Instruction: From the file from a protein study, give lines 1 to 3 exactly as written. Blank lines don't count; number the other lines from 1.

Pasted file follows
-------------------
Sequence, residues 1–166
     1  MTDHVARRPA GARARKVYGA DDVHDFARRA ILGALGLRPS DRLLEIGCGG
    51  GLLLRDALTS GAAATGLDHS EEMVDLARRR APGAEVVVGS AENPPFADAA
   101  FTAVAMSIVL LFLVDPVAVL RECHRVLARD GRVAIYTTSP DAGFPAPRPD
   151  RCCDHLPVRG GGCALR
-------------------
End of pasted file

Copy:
Sequence, residues 1–166
     1  MTDHVARRPA GARARKVYGA DDVHDFARRA ILGALGLRPS DRLLEIGCGG
    51  GLLLRDALTS GAAATGLDHS EEMVDLARRR APGAEVVVGS AENPPFADAA